Allocate your macronutrients
No matter what foods you choose, you should have a basic understanding of how to allocate your macros throughout the day.
In Lucy’s case, we agreed that she should have 130 grams of protein each day. According to our strategic plan, she should have protein in every meal, so she should divide 130 grams into six meals, which rounds out to around 21 grams of protein per meal.
Now, what foods comprise 21 grams of protein?
- Three whole eggs
- 100 grams of chicken breast
- One serving of a protein powder
- 100 grams of salmon
All of these options would give her roughly 21 grams of protein.
What about fats? Lucy can have 60 grams of fat each day, so she needs to divide that amount into three meals of the day, meaning that she should get about 20 grams of fat per meal (or, if she eats four meals per day, 15 grams of fat).
What contains that amount of fat?
- In addition to 21 grams of protein, three whole eggs contain 15 grams of fat.
- Two tablespoons of peanut butter have around 20 grams of fat.
- Half an avocado gives you roughly 15 to 20 grams of fat.
- Two tablespoons of olive oil contain around 20 grams of fat.
After you figure out your protein and fats, it's time to add carbohydrates to your plate. We agreed that Lucy needs to have 170 grams of carbs for the day, divided across three meals (56 grams of carbs per meal).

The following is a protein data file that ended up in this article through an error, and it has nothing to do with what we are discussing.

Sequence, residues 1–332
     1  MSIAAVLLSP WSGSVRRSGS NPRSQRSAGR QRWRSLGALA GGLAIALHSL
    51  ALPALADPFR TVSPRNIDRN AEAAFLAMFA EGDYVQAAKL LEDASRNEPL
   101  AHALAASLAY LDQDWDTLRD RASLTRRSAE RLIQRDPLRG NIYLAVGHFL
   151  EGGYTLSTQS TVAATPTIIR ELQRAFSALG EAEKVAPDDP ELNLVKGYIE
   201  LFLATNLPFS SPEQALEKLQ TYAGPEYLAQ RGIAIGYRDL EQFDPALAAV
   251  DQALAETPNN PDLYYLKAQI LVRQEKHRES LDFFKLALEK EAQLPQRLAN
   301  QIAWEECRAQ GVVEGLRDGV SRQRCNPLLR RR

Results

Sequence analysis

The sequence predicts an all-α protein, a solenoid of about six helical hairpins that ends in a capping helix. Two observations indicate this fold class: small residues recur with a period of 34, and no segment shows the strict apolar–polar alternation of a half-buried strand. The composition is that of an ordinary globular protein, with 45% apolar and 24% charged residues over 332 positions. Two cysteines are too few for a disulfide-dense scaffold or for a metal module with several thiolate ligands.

The following list provides a few ideas for Lucy’s carb consumption:
- Sixty grams of oats provide 40 grams of carbs
- Fifty grams of rice has 36 grams of carbs
- Seventy grams of buckwheat provide 51 grams of carbs
- One banana would give you 27 grams of carbohydrates.
Create a shopping list
Plan next week's recipes, keeping in mind these guidelines. Aim for variety, focus on simplicity, and make sure you choose meals that will excite you. Plan what types of protein, carbs, or fats you will have next week.
After you know the ingredients you want to try next week, go ahead and make your shopping list. If you follow these guidelines, you will stay disciplined with your eating habits.
Once you have the ingredients in your fridge, you are less likely to fail to prepare your meals. Also, with a shopping list on hand, you are more likely to stick to your weekly budget, too.
Prepare your meals
Last but not least—you must plan how you are going to prepare your meals ahead of time.
It highly depends on your daily schedule: some people can cook every single day, others can cook only once every three days. Take me, for example. I make fresh breakfast every day, but I prepare my lunches three days ahead of time. Also, I make dinner from scratch every night.
You have to structure your meal preparation plan according to your lifestyle to make it work for you. The most important thing is to not fail to plan; if you are unable to map out your choices, it will be very, very difficult to stick to a meal plan.
All it takes is a little bit of time invested when it comes to planning your meals:
- Map out a strategic plan.
- Start by learning your baseline calorie need.
- Break down these calories into proteins, fats, and carbohydrates.
- Structure your meal composition according to your daily schedule.
- Create a grocery shopping list.
- Prepare your meals and start reaching your goals.
Is creating a meal plan sound easy to you? Join Kilo Fit Academy, get certified and help others reach their fitness goals!